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Eight Weeks of Prototype: Week 3, Prototype Data Types

The each() Method

Let's firstly look at the each() method, which is one of the most important functions made available to Enumerablecode> objects. In order to use each(), you pass an iterator function as the first argument. When the each() call is executed, the iterator function is called once for each element in the enumerable object. The current element is passed as the first argument to the iterator, while the second argument containers the iteration number (beginning from 0).

In order to demonstrate, let's revisit the $$() function. This function returns an array of elements that match the CSS selector(s) passed in as arguments. Using each(), we can easily perform operations on every matched element.

Listing 4 shows two examples of selecting all of the items in an unordered list and changing them slightly. We've already seen how $$() and the update() method works in previous articles, but we're now also using each(). In the first part of the example we define the iterator callback inline when performing the each, while in the second part of the example it is defined as a separate function.

Listing 4 Basic usage of each() on an array (listing-4.html)
<html>
    <head>
        <title>Basic usage of each() on an array</title>
        <script type="text/javascript" src="/js/prototype.js"></script>
    </head>
    <body>
        <div id="foo">
            <ul>
                <li>Element 1</li>
                <li>Element 2</li>
                <li>Element 3</li>
                <li>Element 4</li>
            </ul>
        </div>
 
        <script type="text/javascript">
            $$('#foo li').each(function(item) {
                item.update(item.innerHTML + ' -- modified!');
            });
 
            function doSomething(item)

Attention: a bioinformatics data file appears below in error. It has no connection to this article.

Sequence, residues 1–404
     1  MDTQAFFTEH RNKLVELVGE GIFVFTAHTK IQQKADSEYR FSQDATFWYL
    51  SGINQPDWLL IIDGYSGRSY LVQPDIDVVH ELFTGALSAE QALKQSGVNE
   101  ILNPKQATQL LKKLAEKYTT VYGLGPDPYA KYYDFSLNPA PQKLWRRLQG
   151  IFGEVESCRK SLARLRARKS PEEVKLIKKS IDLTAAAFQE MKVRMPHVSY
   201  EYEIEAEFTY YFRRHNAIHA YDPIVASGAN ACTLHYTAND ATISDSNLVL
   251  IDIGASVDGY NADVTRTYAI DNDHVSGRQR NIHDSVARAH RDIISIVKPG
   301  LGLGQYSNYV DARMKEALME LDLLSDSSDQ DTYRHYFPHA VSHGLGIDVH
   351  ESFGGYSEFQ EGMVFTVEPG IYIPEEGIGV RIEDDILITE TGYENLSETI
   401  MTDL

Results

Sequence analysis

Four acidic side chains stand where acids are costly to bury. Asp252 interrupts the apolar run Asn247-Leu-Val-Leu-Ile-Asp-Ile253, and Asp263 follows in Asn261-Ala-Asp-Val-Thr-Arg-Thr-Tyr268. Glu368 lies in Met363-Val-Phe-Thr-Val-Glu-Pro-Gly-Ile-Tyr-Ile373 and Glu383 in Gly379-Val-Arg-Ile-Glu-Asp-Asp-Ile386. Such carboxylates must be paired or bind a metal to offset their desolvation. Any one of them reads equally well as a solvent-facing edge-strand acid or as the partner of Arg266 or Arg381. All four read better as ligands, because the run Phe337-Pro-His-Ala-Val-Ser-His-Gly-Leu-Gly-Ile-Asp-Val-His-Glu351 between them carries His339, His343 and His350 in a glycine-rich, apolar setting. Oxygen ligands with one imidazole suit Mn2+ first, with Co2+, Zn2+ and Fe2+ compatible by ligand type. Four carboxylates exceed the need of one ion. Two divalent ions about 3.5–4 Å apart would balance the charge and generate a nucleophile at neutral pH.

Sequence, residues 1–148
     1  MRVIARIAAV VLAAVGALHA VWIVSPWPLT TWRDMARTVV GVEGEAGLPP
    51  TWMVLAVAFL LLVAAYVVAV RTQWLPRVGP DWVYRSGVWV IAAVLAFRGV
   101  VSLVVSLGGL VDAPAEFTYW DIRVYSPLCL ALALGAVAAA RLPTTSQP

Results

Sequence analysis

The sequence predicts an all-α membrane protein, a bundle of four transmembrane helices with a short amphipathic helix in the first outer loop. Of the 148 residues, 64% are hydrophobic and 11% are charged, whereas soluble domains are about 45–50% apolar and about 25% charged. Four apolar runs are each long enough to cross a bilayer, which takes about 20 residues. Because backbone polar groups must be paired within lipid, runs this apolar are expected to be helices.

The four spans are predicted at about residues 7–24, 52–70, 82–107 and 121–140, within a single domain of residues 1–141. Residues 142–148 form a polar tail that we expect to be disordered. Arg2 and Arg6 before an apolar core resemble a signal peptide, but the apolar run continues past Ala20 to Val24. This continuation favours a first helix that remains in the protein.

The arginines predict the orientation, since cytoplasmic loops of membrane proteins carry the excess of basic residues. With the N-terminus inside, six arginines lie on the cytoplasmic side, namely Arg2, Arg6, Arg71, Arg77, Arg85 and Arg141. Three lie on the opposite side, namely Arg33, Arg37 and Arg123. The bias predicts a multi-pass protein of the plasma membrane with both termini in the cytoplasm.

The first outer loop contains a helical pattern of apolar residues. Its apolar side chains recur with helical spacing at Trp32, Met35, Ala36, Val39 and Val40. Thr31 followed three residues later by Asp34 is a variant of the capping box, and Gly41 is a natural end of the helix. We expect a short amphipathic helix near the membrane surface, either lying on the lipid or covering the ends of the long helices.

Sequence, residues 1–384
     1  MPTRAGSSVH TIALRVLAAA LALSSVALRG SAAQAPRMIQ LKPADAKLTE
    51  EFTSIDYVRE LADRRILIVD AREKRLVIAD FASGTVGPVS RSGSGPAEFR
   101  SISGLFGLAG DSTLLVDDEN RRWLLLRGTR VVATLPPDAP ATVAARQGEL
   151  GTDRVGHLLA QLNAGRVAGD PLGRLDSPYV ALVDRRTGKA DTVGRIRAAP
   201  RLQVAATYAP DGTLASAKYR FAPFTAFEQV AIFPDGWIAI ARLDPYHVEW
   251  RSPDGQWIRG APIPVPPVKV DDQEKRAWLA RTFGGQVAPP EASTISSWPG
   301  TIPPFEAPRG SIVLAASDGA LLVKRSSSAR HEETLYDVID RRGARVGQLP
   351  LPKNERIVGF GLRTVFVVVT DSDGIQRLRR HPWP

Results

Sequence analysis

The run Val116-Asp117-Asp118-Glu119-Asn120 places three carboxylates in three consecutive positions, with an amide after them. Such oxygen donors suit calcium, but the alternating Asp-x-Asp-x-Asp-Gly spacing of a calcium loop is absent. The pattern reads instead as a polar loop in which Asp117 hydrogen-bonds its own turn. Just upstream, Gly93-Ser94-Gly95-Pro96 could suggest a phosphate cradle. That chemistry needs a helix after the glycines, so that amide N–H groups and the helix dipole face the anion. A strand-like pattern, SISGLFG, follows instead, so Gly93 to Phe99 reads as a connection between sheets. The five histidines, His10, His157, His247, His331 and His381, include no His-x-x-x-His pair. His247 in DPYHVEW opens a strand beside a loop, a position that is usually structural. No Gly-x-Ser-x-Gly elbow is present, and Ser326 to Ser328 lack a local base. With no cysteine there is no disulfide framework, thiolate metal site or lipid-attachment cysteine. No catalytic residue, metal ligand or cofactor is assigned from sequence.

{
                item.setStyle({ backgroundColor : '#f60' });
            }
 
            $$('#foo li').each(doSomething);
        </script>
    </body>
</html>

When using each() to loop over data, it is important to know how to control the loop. In PHP (and other languages), you can use the break or continue expressions to do so. Using break in PHP means the loop execution is halted there and then, while continue halts the current iteration but continues on with the loop.

Achieving continue functionality within each() is simple. Because each iteration is a function call, you can simply use return to emulate continue. The current function call is terminated and the function will be called again for the next iteration.

In order to break the loop, Prototype provides a special variable called $break. If you throw this variable as an exception, Prototype will know to end the loop. Listing 5 shows an example of continuing and breaking a loop. This example will read the text inside each list item and write it to the #output div.

As mentioned above, the iteration number is passed as the second argument to the iterator callback. In this example we skip outputting a message for the third iteration, and finish the loop after the fourth element.

Note: The iteration number is zero-indexed, so this value will be 2 for the third iteration and 3 for the fourth iteration.
Listing 5 Breaking and continuing each() loops (listing-5.html)
<html>
    <head>
        <title>Breaking and continuing each() loops</title>
        <script type="text/javascript" src="/js/prototype.js"></script>
    </head>
    <body>
        <div id="foo">
            <ul>
                <li>Element 1</li>
                <li>Element 2</li>
                <li>Element 3</li>
                <li>Element 4</li>
                <li>Element 5</li>
                <li>Element 6</li>
            </ul>
        </div>
 
        <div id="output"></div>
 
        <script type="text/javascript">
            function doSomething(item, i)
            {
                var output = $('output');
 
                if (i == 2)
                    return; // "continue"
 
                output.update(output.innerHTML + '<br />' + item.innerHTML);
 
                if (i == 3)
                    throw new $break;
            }
 
            $$('#foo li').each(doSomething);
        </script>
    </body>
</html>

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